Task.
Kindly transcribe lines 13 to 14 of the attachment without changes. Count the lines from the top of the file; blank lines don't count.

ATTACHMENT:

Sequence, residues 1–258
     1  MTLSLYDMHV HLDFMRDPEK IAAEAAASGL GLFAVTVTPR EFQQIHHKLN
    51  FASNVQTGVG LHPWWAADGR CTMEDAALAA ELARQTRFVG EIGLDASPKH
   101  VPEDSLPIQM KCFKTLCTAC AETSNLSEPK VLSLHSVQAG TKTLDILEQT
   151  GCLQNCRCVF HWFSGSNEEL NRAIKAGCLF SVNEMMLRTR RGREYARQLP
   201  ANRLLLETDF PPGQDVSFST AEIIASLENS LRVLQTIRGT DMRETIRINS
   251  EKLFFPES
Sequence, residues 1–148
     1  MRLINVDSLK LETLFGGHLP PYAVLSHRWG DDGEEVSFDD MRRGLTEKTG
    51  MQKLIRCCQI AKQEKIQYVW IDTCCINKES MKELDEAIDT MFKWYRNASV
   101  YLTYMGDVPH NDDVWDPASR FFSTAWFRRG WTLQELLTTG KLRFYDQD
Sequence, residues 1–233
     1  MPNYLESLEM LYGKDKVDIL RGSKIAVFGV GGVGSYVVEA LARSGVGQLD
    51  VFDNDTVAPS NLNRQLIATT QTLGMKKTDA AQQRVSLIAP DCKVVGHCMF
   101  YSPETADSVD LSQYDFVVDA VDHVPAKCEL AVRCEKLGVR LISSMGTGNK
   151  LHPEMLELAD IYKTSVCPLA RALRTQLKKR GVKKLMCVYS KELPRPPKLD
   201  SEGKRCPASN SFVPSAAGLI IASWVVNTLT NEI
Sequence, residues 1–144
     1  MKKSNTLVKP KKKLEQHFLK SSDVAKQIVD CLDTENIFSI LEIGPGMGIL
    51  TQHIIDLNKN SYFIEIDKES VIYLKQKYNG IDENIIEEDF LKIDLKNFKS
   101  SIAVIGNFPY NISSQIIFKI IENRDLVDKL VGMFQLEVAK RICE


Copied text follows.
     1  MPNYLESLEM LYGKDKVDIL RGSKIAVFGV GGVGSYVVEA LARSGVGQLD
    51  VFDNDTVAPS NLNRQLIATT QTLGMKKTDA AQQRVSLIAP DCKVVGHCMF